© Anushka Bose. All rights reserved.*
Near Kings Street. Dhahran, Saudi Arabia.
It was a windy morning in Boulder, Colorado on December 30th, 2021. I had been woken up by the cacophony of the swaying trees. While the wind usually feels like a refreshing breeze, on this particular day the wind sounded rather ominous. I went on about my day, hoping that the wind wouldn’t cause damage to power lines and lead to an electric outage as it had two weeks ago. But it did. The power kept going on and off while the wind reached nearly 70 mph. Still, I went on about my day and lay on the couch watching a movie. An hour or so later, my roommate, all the way back home in Michigan texted me, “Is the fire close to our apartment?” I felt chills throughout my body as I glared at her text and then turned on the news. All the ominous signs of the morning collated together — the high winds had led to damaged power lines, leading to two wildfires — Marshall and Middle Fork Wildfires in Boulder County. Within minutes, matters escalated drastically. Our apartment sent out a pre-evacuation notice, noting that while we don’t have to evacuate right now, matters could change any second and we should be prepared to leave at any moment, especially if we see any smoke nearby.
Noticing how fast this fire was escalating, and with neighborhoods just ten minutes away with evacuation notices, I immediately called my aunt who lived an hour away near Denver and we quickly devised a plan for me to get out of there and reach her. Within ten minutes I left my apartment with a small carry-on, a backpack, a water bottle, and a deep sense of dread. On the road out of Boulder County, I learned that 30,000 people were being evacuated. The traffic was horrendous and even scarier with smoke spreading through the street and toppled cars and trucks on the road. The car shook as the wind became stronger. One moment I was texting my friends and family, the next checking the news, and my mind was pacing back and forth between worst-case scenarios.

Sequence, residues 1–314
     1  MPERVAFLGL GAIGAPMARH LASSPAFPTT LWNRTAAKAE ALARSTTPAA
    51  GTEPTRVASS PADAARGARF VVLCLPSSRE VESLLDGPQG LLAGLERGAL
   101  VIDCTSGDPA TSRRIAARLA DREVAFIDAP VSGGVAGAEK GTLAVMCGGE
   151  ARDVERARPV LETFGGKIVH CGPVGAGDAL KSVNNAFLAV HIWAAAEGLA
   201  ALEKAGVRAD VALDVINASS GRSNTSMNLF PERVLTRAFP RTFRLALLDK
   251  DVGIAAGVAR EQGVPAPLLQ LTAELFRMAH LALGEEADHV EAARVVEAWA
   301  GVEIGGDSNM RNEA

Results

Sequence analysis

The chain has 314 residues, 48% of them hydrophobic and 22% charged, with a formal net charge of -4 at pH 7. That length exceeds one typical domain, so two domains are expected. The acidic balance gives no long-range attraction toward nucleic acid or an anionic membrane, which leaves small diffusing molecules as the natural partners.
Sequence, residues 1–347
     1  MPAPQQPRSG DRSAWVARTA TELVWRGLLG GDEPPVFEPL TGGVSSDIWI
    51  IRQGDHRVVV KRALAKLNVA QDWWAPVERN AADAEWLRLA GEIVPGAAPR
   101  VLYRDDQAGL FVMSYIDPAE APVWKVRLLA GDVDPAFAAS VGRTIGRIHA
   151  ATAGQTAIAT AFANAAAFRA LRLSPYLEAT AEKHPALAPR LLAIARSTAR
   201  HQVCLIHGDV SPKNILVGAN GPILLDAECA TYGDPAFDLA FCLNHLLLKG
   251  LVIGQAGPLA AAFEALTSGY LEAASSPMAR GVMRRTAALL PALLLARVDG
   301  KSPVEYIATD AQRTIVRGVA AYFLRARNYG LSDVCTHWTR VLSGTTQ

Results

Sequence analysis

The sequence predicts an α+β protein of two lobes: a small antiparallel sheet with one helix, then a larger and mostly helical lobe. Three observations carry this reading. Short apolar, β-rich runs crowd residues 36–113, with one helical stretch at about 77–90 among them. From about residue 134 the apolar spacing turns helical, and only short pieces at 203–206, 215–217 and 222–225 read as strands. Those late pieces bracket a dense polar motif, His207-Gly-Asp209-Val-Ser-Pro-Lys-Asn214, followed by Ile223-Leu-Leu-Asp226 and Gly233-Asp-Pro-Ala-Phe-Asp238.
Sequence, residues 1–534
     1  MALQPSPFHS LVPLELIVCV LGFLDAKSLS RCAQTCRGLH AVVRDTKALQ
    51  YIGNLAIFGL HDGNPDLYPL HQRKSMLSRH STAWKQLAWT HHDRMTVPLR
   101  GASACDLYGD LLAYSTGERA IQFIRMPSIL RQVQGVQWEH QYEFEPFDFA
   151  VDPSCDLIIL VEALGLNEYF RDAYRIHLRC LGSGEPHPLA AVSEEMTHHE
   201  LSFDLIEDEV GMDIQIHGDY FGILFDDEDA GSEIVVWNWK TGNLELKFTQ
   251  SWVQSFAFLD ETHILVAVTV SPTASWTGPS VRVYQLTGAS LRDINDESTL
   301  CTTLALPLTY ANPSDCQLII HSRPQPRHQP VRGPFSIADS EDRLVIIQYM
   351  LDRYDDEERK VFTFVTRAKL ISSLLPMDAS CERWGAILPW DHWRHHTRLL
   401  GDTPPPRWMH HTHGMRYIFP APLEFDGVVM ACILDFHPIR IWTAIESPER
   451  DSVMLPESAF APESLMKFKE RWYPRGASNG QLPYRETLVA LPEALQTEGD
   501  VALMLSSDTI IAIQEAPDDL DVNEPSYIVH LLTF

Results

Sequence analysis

Near 6th Street. Dhahran, Saudi Arabia
In a matter of 24-48 hours, more than 900 homes completely burnt down in Boulder Country, with Superior and Louisville sustaining the hefty load of the damage. When I reached my aunt’s place I sighed with relief. How lucky was I to have a safe shelter to escape to. My heart broke for those who lost their homes in a matter of minutes, for those who had to leave everything behind, for those who are currently living in temporary housing, for those who still haven’t been able to return home. In a press conference the next day, Jared Polis, Colorado Governor, noted that “houses are not just physical structures, they are homes. Homes where people live, where tangible objects are placed, and where memories and solace can be found." As I lay in bed at night at my aunt’s place, I kept thinking about the notion of homes and impermanence. How crazy is it that everything we build can be torn apart by nature in a matter of seconds and minutes? I am grateful to be back in my home in Boulder now but my mind has not been able to stop thinking about those in my community who are badly impacted, including some of my classmates and professors.
Outside the Dining Hall. Dhahran, Saudi Arabia. Christmas 2018.